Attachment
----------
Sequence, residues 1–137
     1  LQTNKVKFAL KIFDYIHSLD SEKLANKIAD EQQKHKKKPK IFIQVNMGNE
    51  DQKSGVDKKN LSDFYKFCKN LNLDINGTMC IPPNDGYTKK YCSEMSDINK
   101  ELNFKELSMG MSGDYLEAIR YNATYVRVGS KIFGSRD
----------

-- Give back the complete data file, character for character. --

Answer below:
Sequence, residues 1–137
     1  LQTNKVKFAL KIFDYIHSLD SEKLANKIAD EQQKHKKKPK IFIQVNMGNE
    51  DQKSGVDKKN LSDFYKFCKN LNLDINGTMC IPPNDGYTKK YCSEMSDINK
   101  ELNFKELSMG MSGDYLEAIR YNATYVRVGS KIFGSRD